With a sluggish economy and unemployment trending upwards, more and more startups are set to enter and infiltrate the Australian business world. This presents many opportunities – as well as challenges – for accountants to meet the needs of these burgeoning enterprises.
Business numbers on the rise
Despite the publicity that surrounds business closures during strained economic periods, the number of businesses actually tends to increase during these times.
According to a recent media release by the Australian Bureau of Statistics (ABS), the number of businesses trading in Australia increased by 1 per cent in the 12 months to June 2014. That is an additional 20,496 new companies, taking the total to just over 2.1 million.
One of the main contributors for this increase could be redundancies or concerns about job security, with many aspiring entrepreneurs seizing the opportunity to work for themselves.
Financing new enterprises
A primary concern for the majority of startups is access to finance, with the challenges of maintaining healthy cash flows leading many firms down the path to failure.
However, well-informed accountants can help support startup clients by discussing these vital points:
- Startupcapital:Their options for initial funds, including loans, lines of credit, venture capital,crowdfundingor direct investment.
- Government grants: The federal government offers a range of grants and assistance, including assistance for research and development or exporting and venture capital funding.
- Managing finances: How businesses plan to manage their ongoing finances, control costs and distribute profits.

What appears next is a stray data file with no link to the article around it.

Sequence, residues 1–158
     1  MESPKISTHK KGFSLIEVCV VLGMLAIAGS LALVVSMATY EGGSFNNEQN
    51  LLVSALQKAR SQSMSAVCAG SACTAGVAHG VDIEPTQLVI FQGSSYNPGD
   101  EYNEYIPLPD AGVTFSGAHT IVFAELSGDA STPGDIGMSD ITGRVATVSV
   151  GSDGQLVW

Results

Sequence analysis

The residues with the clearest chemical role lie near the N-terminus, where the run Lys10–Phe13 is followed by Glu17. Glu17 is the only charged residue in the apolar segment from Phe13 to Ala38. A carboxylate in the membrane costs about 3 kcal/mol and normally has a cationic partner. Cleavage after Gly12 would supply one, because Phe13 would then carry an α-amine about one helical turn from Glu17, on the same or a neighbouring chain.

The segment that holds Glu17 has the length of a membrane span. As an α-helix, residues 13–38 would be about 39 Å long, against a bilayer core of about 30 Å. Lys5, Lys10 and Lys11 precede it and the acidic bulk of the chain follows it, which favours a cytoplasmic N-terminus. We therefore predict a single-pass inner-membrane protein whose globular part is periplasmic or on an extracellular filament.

- Taxation:The assistance and oversight of corporate taxation affairs, allocation of funds for tax and supportive documentation.
- Staffing costs: Many new company directors are unfamiliar with the extent of staffing costs, including their own status as a company employee.
- Trade credit insurance: Protecting a fledgling business from late or non-payment of invoices.
Supporting a struggling startup
To advise these clients on their unique challenges, accountants need to tailor their services to the needs of struggling startups. Firms will need to consider the type of advice, assistance and support needed by new businesses and make some fundamental changes:
- Avoid accounting jargon: Communicate with startupclients in simple language, using terms they will understand.
- Be available for consultation: Investing time to ‘hand-hold’ new businesses can lead to greater returns down the track as the business grows.
- Act as an educator: For many small businesses, their accountant is their main or even sole source of finance, tax and operational advice. This places accountants in a unique position to act as an accounting advisorto educate new businesses and mentor them in the establishment of good practicesfrom the start.
- Make referrals: Be proactive in referringstartupclients to government bodies, external service providers and information sources that will benefit their operations.
- Have patience: New businesses are on a steep learning curve and are bound to make mistakes. Patience is key by providing information as and when required, and repeating advice if necessary.
- Know their business: An accountant who thoroughly understands their client’s operations and pain points is much better placed to provide support and assistance.
Assisting a startup business can be intense and demanding initially, but the return on such an investment can be considerable. With a front-row seat to the take-off of a new business, proactive accountants have a key role to play in determining whether the startup reaches for the stars or crashes and burns.